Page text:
The South Korean government stated on Monday that it was going to publish a book that collected the oral testimonies of women who were forced to serve as sexual slaves, often labeled “comfort women,” to the Japanese Imperial Army before and during World War II. The book is part of an effort to raise public awareness, as well as preserve the evidence of the victim’s abuse and suffering.
As a project carried out by a forced laborer investigation commission serving under the Prime Minister’s Office, the book is scheduled to be published in January. It will feature the stories of 12 former sex slaves and detail their experiences under Japan’s colonial rule of the Korean peninsula. The women’s statements were collected in interview carried out over the last several years. Representatives of the commission say a chronology of significant events and a list of previous lawsuits will help the book to serve as collection of evidence to use in continued litigations against the Japanese government.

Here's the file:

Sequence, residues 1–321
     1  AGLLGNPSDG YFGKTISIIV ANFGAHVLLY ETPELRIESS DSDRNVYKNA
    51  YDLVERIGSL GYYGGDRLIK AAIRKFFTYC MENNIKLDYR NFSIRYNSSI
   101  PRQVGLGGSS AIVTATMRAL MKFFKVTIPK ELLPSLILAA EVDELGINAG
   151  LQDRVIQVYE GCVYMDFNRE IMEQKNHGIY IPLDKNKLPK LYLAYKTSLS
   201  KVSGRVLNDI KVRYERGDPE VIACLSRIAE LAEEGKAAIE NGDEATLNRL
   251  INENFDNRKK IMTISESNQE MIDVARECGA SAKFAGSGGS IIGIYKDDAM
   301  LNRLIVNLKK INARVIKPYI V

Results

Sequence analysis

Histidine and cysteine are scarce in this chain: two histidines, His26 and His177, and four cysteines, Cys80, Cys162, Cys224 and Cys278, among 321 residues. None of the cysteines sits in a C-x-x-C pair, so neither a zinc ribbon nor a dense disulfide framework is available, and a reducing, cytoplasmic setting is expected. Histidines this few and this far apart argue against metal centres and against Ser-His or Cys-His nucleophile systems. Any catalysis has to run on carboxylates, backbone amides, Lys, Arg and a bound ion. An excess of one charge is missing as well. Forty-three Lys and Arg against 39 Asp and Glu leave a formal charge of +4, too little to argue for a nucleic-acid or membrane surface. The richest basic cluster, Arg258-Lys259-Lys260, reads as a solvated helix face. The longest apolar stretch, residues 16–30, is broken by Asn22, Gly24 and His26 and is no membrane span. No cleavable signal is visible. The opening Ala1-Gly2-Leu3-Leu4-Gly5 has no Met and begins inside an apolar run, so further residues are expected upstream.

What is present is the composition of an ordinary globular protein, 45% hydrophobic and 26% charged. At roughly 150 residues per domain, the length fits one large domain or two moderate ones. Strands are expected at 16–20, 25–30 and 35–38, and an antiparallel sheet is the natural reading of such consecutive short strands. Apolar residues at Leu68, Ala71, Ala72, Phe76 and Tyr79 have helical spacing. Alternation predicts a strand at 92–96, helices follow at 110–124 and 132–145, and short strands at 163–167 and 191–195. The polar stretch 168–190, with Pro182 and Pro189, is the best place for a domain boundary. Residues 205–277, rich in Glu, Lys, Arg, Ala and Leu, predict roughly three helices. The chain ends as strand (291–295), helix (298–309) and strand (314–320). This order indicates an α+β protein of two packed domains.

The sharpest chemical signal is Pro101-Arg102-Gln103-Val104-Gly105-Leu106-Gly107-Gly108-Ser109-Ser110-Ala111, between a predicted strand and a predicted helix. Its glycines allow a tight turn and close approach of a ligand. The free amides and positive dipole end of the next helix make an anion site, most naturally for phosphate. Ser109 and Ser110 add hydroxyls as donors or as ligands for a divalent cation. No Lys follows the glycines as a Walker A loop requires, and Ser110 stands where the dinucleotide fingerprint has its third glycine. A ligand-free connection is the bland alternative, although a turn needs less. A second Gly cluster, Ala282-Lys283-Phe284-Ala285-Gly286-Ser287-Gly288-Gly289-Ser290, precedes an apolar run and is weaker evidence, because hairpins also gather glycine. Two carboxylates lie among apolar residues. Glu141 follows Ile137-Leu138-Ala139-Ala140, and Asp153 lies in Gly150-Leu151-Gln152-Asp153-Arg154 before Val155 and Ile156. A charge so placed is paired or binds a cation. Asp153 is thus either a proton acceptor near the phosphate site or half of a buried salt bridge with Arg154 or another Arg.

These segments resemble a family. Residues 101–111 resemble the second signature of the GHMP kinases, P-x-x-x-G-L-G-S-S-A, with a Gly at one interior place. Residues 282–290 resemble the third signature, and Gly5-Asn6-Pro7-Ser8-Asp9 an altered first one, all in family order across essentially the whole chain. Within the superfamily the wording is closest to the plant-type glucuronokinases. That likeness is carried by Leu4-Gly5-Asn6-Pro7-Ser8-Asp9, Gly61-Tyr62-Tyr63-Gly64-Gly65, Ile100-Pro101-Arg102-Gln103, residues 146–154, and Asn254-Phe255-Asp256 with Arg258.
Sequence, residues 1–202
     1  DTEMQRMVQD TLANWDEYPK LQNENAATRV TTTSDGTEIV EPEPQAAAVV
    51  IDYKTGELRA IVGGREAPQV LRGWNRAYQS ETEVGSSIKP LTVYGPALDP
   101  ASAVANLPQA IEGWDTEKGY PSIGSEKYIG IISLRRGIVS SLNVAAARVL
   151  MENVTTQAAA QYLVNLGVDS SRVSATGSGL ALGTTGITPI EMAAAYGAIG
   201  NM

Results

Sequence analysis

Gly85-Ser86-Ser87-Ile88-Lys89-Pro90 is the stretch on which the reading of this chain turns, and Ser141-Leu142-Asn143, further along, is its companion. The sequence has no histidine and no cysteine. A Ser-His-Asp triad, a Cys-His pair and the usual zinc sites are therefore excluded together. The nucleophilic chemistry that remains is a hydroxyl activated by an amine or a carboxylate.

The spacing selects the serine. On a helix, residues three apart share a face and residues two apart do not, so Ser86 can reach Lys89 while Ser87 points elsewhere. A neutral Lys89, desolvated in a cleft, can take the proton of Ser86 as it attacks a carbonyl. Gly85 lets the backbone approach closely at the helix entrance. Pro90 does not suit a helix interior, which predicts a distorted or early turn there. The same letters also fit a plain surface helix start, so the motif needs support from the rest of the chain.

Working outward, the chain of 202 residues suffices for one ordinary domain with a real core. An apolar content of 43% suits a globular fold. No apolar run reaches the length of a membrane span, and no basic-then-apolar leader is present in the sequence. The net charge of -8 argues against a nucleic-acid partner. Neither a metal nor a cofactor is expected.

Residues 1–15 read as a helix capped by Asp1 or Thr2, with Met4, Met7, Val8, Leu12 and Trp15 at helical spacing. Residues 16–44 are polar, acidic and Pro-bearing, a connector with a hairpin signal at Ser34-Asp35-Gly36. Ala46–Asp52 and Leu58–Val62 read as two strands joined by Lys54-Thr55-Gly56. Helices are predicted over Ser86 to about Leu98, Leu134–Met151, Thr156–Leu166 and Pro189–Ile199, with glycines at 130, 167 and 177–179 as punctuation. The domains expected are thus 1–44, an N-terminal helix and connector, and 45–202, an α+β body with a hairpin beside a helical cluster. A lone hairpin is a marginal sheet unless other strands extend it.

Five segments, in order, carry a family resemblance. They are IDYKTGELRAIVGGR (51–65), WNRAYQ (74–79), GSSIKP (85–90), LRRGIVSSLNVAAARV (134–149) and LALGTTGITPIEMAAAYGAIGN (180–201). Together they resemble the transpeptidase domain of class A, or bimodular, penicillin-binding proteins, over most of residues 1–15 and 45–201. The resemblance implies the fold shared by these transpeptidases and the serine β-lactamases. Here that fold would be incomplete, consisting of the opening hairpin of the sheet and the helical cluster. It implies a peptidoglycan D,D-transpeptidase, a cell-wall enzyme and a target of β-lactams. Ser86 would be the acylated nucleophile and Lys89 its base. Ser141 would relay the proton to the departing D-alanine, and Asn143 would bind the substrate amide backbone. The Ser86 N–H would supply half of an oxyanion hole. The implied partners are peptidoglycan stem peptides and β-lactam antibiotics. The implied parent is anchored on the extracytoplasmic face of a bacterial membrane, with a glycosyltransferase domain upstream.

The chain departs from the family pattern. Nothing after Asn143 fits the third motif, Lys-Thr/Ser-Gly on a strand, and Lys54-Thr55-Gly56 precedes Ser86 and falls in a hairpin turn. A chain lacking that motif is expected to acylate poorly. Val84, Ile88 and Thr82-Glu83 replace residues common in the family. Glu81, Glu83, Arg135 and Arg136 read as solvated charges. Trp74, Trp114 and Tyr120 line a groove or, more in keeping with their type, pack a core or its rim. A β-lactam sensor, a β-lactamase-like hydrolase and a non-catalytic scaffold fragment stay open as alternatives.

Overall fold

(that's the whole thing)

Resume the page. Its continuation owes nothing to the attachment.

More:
The issue of comfort women and the history of events is heavily contested issue between South Korea and Japan. Both the Korean government and organizations for former slaves repeatedly call on Japan to make formal apologies and pay compensation. On the other side, Japanese leaders either point out that formal apologies have been made several times by various officials, and that the topic of compensation ended when the two countries established peaceful relations, or those with nationalistic views deny the fact that there is any evidence of Korean women being forced into slavery.